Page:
Monday, November 3, 2014

Investing in (insert your favourite investment / asset class) for the LONG TERM

For me, one of the things that irritates me a lot about the whole finance industry is when people mix up and confuse investing and trading. If you don't know the difference yourself, then you are probably doing one of them wrong. To me, the main distinction is investment horizon. A trader is short-term while the investor is long-term.

Very interestingly, I came across a part of the Research Affiliates website which has very nice graphics and information regarding their 10-year real expected return forecast of different asset classes. Give the page a click-through, I think it is very interesting to get an insight into the minds of smart quants.

http://www.researchaffiliates.com/assetallocation/Pages/Core-Overview.aspx

GMO also releases their forecast for some asset classes as well, but theirs is the 7-year returns, not 10-years. Perhaps you can look at US small cap and large caps of both tables and see why I really don't like the US markets.

However, the main thing that I want to share is the RA Investment Beliefs (pdf version):

1. Investor preferences are broader than risk and return. 
People do not rationally make investment decisions most of the time. Many behavourial bias set in and distorts their choices.

2. Prices vary around fair value. 
While prices can deviate from it's "fair value" over the short-run, it will not be able to deviate too far and will bounce around it's "fair value".

3. Lack of conviction (and/or internal governance constraints) restrict/prohibit investors from exploiting long-term value.
Many people rather fail conventionally than to succeed unconventionally. Managers and professionals face career risks and mandates that forces them into choosing certain (unwise) choices, while individuals face ridicule and loneliness adopting an investment style different from the rest.

Conclusion: The largest and most persistent active investment opportunity is long-horizon mean reversion.

Their strategy is to simply buy low, and sell high, or even at fair-value. Figure out what is cheap and buy it. Figure out what you have that is expensive or fair-valued, then consider selling it. Wash, rinse, repeat.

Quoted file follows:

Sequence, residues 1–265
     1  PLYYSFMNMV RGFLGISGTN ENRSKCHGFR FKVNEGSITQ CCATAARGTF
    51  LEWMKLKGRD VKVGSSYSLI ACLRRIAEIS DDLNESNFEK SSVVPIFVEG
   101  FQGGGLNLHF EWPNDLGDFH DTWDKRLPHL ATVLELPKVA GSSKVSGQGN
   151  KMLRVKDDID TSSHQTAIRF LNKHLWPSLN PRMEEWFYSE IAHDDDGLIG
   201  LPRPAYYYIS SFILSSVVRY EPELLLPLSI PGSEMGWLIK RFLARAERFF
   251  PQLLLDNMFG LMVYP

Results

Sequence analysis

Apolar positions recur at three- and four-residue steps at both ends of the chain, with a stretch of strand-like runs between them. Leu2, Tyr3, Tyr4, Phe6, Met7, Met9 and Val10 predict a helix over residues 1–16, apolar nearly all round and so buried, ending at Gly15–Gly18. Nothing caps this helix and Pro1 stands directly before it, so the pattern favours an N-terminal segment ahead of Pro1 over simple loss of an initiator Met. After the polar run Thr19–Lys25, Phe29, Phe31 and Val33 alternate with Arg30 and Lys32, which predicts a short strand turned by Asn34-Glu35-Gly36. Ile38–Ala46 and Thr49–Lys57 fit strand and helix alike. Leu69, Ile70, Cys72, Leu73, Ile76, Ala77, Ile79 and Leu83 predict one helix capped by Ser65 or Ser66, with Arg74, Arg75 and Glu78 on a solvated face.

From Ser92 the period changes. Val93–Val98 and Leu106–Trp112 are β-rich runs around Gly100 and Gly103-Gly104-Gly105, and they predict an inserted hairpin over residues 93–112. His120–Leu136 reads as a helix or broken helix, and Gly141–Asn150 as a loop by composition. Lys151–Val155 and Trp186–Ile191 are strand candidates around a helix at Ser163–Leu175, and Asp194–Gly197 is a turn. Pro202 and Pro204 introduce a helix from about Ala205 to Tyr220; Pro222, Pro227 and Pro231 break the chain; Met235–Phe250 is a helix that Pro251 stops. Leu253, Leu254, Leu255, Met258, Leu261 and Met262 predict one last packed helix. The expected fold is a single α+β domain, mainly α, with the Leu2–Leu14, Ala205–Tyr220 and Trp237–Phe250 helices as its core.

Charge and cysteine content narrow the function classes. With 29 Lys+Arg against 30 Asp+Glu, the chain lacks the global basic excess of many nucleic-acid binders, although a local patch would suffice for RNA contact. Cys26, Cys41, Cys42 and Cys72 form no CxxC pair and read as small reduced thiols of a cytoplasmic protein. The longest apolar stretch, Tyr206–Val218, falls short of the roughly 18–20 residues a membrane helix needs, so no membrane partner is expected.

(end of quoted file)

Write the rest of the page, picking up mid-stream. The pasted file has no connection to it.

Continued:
This brings me to the second thing that irritates me about the finance industry: There are some people that say that REITs, dividend stocks, blue chips, equities or gold are the BEST investment ALL the time. They are feeding you bulls**t.

There is time and price to buy and sell for everything. People might have been loading up on tech stocks during the dotcom peak, but hey, there are stupid people in this world too. People can engage in buying and holding whatever investment they like, but they should know the short-comings of their investment and strategy. They might be trading simplicity for volatility and the opportunity cost of not selling high, and re-entering at a much better price, but with more units.


No matter how good and fantastic the underlying investment is, there is a price when it is just stupid and ridiculous to own it. A Ferrari is sure as heck a nice car, but for $5 million bucks, you can just leave it in the showroom and let it collect dust and rust. If you can nod your head to that, now flip that table around. 

No matter how shitty and crappy the underlying investment is, there is a price when it is just so irresistible and tempting to own it. A Chery QQ selling for $500 bucks is a steal no matter how you cut it. Even if it's a crappy car and rattles when you drive it over 60km/h, you still can sell it for its parts and make money off it.

Everyone has their own investment style, beliefs and strategy. Buying and holding isn't wrong. Dollar cost averaging isn't wrong either. Buying only gold and keeping it under your pillow isn't wrong too. (naw, I'm kidding, this is probably wrong!) However, you have to know what is it about your investments and strategy that allows you to make money.


For me, I choose to believe that there is no single investment that will give you the holy grail. The answer is not REITs, it is not dividend stocks, it is not ETFs and it sure as hell isn't gold. Instead, my holy grail is a process. It is the process of systematically identifying what is cheap so you can buy it, and what is expensive so you can sell it if you own it, or avoid it if you don't.

Don't get me wrong. You can invest in the STI ETF only for your whole life and end up with a nice nest egg. However, I'm not satisfied with just mediocre. If I was, I would just log in to DBS ibanking right now and sign up for POSB Invest-Saver and be done with investing for the rest of my life.